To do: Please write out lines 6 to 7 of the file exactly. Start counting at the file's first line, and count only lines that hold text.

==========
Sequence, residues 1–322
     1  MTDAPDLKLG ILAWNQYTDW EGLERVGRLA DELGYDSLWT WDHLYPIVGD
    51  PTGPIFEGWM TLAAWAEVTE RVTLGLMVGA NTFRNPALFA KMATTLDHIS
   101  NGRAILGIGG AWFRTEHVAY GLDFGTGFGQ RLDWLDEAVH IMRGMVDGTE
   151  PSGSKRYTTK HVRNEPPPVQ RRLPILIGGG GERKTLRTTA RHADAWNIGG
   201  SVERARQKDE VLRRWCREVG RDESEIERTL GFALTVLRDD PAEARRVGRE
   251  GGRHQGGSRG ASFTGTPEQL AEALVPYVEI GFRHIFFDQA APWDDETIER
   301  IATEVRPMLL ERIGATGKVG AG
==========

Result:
   201  SVERARQKDE VLRRWCREVG RDESEIERTL GFALTVLRDD PAEARRVGRE
   251  GGRHQGGSRG ASFTGTPEQL AEALVPYVEI GFRHIFFDQA APWDDETIER